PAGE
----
Monday, May 7, 2012
In a move truly reminiscent of first-year legal writing classes, it looks like a grown-up lawyer decided to manipulate line spacing to fall under a court-ordered page limit. After being called out, it looks like he is relying on a literal interpretation of the term "double spaced." Check out the Wall Street Journal Law Blog's coverage here:
Lawyers, as good advocates, try to cram as many arguments as possible in their legal briefs, particularly when judges impose limits on how much they can say.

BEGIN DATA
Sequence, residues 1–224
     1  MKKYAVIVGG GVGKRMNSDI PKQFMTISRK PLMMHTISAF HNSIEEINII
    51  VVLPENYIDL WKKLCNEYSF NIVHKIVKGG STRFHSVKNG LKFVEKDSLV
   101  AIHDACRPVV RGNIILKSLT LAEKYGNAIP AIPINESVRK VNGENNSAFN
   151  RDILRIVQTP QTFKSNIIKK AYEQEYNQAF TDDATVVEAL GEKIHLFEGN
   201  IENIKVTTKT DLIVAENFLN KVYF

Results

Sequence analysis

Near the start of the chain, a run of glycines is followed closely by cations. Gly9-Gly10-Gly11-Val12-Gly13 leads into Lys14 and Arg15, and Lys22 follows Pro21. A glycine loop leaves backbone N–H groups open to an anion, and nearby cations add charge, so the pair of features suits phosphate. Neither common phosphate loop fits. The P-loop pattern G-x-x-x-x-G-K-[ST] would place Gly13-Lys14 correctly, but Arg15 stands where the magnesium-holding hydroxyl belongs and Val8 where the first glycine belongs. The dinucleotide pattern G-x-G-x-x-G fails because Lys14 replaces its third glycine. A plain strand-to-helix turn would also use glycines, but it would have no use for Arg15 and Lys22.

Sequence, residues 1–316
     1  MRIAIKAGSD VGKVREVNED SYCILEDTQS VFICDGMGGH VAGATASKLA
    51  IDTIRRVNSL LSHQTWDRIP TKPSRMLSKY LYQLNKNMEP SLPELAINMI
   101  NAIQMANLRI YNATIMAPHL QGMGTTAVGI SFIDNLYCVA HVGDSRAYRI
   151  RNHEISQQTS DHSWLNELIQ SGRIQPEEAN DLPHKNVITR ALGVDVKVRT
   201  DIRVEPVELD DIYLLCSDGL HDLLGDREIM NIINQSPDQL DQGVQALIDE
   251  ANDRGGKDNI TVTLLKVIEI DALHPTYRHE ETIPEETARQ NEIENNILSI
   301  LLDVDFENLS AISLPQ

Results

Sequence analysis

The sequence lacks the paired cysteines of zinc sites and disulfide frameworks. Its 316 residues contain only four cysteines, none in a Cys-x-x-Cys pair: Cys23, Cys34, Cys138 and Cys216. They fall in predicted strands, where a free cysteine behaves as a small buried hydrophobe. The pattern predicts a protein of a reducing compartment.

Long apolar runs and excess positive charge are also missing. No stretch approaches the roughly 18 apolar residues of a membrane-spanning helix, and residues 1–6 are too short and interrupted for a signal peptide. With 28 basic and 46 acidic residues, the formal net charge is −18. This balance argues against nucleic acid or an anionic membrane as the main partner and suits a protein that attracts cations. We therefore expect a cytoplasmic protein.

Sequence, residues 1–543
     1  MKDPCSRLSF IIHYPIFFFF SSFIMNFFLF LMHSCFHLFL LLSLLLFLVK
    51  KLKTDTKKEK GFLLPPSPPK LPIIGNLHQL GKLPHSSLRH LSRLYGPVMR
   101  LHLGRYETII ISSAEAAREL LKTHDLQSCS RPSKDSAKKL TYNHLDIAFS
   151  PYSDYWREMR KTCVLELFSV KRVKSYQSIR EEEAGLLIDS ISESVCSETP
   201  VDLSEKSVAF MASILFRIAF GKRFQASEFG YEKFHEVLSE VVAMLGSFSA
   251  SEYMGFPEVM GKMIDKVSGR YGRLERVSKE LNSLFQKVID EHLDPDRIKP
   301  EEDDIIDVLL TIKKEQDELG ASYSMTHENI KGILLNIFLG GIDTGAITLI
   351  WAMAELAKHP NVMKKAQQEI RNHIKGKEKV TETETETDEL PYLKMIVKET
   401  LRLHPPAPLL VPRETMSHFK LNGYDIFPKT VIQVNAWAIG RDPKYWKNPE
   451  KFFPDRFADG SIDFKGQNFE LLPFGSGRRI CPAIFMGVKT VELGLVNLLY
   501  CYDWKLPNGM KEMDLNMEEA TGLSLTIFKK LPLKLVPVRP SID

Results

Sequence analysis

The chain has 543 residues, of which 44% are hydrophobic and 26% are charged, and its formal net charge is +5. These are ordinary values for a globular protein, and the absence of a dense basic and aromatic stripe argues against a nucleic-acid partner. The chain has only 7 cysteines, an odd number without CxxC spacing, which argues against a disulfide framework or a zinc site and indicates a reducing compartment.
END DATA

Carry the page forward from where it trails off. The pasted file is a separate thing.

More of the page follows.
However, one side in a trademark dispute in Manhattan federal court involving The Gap Inc. says their adversary went a little too far.
Patterson Belknap lawyers said [the other side] used a computer program to determine that the line spacing on Fross Zelnick’s reply brief was “1.75″ instead of double spaced.
Fross Zelnick replied, “As is our usual practice, the brief employs 12 point Times New Roman font formatted in Microsoft Word with the line spacing set at exactly 24 points, i.e., double the line height.”
The judge granted Patterson Belknap’s request to file a 30-page, instead of 25-page, brief on Thursday.